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Preface to thesecond editionThe main motivation for preparing this newedition was to update the text in Chapters 4 and 6on steel and timber design to conform with thelatest editions of respectively BS 5950: Part 1 andBS 5268: Part 2. The opportunity has also beentaken to add new material to Chapters 3 and 4.Thus, Chapter 3 on concrete design now includesa new section and several new worked examples onthe analysis and design of continuous beams andslabs. Examples illustrating the analysis and designof two-way spanning slabs and columns subjectto axial load and bending have also been added.The section on concrete slabs has been updated. Adiscussion on flooring systems for steel framedstructures is featured in Chapter 4 together with asection and several worked examples on compositefloor design.Work on converting Parts 1.1 of the Eurocodesfor concrete, steel, timber and masonry structuresto full EN status is still ongoing. Until such timethat these documents are approved the design rulesin pre-standard form, designated by ENV, remainvalid. The material in Chapters 8, 9 and 11 tothe ENV versions of EC2, EC3 and EC5 are stillcurrent. The first part of Eurocode 6 on masonrydesign was published in pre-standard form in1996, some three years after publication of the firstedition of this book. The material in Chapter 10has therefore been revised, so it now conforms tothe guidance given in the ENV.I would like to thank the following who haveassisted with the preparation of this new edition: Professor Colin Baley for preparing Appendix C; FredLambert, Tony Threlfall, Charles Goodchild andPeter Watt for reviewing parts of the manuscript.ix9780415467193 A0199/3/09, 12:35 PM

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Preface to thefirst editionStructural design is a key element of all degree anddiploma courses in civil and structural engineering.It involves the study of principles and procedurescontained in the latest codes of practice for structural design for a range of materials, including concrete, steel, masonry and timber.Most textbooks on structural design consider onlyone construction material and, therefore, the studentmay end up buying several books on the subject.This is undesirable from the viewpoint of cost butalso because it makes it difficult for the studentto unify principles of structural design, because ofdiffering presentation approaches adopted by theauthors.There are a number of combined textbooks whichinclude sections on several materials. However,these tend to concentrate on application of thecodes and give little explanation of the structuralprinciples involved or, indeed, an awareness ofmaterial properties and their design implications.Moreover, none of the books refer to the newEurocodes for structural design, which will eventually replace British Standards.The purpose of this book, then, is to describethe background to the principles and procedurescontained in the latest British Standards andEurocodes on the structural use of concrete, steelwork, masonry and timber. It is primarily aimed atstudents on civil and structural engineering degreeand diploma courses. Allied professionals such asarchitects, builders and surveyors will also find itappropriate. In so far as it includes five chapters onthe structural Eurocodes it will be of considerableinterest to practising engineers too.The subject matter is divided into 11 chaptersand 3 parts:Part Onecontains two chapters and explains theprinciples and philosophy of structuraldesign, focusing on the limit stateapproach. It also explains how theoverall loading on a structure andPart TwoPart Threeindividual elements can be assessed,thereby enabling the designer to sizethe element.contains four chapters covering thedesign and detailing of a number ofstructural elements, e.g. floors, beams,walls, columns, connections andfoundations to the latest British codesof practice for concrete, steelwork,masonry and timber design.contains five chapters on the Eurocodes for these materials. The first ofthese describes the purpose, scope andproblems associated with drafting theEurocodes. The remaining chaptersdescribe the layout and contents ofEC2, EC3, EC5 and EC6 for designin concrete, steelwork, timber andmasonry respectively.At the end of Chapters 1–6 a number of designproblems have been included for the student toattempt.Although most of the tables and figures fromthe British Standards referred to in the text havebeen reproduced, it is expected that the readerwill have either the full Standard or the publication Extracts from British Standards for Students ofStructural Design in order to gain the most fromthis book.I would like to thank the following who haveassisted with the production of this book: PeterWright for co-authoring Chapters 1, 4 and 9; FredLambert, Tony Fewell, John Moran, David Smith,Tony Threlfall, Colin Taylor, Peter Watt and PeterSteer for reviewing various parts of the manuscript;Tony Fawcett for the drafting of the figures;and Associate Professor Noor Hana for help withproofreading.C. AryaLondonUKxi9780415467193 A01119/3/09, 12:35 PM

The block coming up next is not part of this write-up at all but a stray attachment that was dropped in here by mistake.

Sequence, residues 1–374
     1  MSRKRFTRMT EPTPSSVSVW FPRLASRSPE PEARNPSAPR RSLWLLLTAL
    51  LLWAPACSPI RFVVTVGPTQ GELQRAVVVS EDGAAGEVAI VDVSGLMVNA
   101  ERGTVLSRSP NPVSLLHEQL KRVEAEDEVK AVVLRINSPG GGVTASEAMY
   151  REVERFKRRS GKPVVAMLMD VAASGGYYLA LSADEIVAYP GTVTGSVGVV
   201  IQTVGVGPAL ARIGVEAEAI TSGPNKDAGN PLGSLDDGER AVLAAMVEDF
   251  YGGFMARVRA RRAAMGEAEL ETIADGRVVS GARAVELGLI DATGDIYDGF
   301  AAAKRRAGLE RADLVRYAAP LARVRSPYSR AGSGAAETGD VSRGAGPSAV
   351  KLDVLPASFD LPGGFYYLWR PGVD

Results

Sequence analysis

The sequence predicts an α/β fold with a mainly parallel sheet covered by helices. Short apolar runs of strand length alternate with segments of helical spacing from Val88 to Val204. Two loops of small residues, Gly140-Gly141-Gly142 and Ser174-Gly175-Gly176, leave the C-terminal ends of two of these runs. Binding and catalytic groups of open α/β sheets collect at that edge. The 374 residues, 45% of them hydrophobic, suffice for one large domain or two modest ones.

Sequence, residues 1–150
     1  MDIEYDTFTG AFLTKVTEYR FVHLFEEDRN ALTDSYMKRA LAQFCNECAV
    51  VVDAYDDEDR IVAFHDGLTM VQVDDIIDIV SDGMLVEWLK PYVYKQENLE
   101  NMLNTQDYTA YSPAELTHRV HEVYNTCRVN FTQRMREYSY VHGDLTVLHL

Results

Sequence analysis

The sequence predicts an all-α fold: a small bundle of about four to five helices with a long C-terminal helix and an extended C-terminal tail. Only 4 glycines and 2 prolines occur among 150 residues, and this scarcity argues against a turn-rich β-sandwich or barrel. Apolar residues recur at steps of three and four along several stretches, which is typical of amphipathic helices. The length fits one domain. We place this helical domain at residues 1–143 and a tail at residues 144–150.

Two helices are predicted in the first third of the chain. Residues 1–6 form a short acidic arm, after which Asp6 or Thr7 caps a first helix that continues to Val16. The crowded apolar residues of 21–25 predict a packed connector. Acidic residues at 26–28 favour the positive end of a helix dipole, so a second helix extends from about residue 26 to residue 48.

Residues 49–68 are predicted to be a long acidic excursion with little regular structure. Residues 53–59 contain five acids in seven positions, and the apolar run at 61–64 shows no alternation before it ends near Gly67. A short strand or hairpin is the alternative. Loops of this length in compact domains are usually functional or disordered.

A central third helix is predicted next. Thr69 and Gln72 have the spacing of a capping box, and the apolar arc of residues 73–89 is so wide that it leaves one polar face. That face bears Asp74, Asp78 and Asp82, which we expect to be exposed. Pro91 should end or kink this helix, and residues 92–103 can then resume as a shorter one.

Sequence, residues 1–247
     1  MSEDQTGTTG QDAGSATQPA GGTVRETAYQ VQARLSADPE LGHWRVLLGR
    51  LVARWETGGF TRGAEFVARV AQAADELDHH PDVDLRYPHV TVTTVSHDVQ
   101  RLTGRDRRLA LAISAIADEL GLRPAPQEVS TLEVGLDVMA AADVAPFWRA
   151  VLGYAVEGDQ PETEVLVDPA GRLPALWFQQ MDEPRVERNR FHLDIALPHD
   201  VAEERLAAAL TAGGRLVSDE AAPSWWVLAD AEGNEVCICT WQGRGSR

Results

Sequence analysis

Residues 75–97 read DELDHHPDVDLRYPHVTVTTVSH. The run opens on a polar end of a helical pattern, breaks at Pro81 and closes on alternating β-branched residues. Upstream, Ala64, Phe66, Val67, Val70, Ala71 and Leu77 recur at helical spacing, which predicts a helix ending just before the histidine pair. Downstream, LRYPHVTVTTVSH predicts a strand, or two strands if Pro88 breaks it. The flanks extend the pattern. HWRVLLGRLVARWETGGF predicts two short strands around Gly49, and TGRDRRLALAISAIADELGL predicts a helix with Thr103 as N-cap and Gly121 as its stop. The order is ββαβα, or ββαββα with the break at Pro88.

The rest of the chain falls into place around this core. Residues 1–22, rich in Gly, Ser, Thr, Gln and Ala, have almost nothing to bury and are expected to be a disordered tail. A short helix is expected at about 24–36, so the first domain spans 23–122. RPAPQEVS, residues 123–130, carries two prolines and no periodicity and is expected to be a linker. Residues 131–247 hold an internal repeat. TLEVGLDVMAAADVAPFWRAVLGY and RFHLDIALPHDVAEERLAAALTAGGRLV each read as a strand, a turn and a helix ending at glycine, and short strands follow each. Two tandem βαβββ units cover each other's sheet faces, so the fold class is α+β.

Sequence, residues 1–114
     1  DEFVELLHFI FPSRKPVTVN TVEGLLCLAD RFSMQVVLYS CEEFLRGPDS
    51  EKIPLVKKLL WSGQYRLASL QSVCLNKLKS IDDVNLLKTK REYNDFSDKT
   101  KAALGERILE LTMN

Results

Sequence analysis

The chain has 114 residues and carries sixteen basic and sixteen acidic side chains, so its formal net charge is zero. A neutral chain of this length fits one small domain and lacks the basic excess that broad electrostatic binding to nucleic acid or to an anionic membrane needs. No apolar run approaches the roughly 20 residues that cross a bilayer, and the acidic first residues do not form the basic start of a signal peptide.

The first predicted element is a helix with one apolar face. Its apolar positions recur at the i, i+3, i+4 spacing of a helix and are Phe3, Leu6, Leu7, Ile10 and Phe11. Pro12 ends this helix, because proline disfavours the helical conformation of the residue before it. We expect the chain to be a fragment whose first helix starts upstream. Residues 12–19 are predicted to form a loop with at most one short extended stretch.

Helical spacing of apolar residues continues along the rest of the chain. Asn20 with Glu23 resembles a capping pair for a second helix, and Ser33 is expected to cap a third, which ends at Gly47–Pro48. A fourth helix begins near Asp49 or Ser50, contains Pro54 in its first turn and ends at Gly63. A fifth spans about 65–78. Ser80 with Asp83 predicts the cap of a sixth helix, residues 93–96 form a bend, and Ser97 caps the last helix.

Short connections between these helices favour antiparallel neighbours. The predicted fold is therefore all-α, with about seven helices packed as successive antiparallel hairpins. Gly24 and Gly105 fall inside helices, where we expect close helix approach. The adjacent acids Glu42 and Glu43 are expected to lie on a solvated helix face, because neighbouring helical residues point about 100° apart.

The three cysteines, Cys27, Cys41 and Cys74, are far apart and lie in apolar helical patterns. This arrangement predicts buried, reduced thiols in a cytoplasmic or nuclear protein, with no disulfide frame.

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AcknowledgementsI am once again indebted to Tony Threlfall, formerly of the British Cement Association and nowan independent consultant, for comprehensively reviewing Chapter 8 and the material in Chapter 3on durability and fire resistanceI would also sincerely like to thank ProfessorR.S. Narayanan of the Clark Smith Partnershipfor reviewing Chapter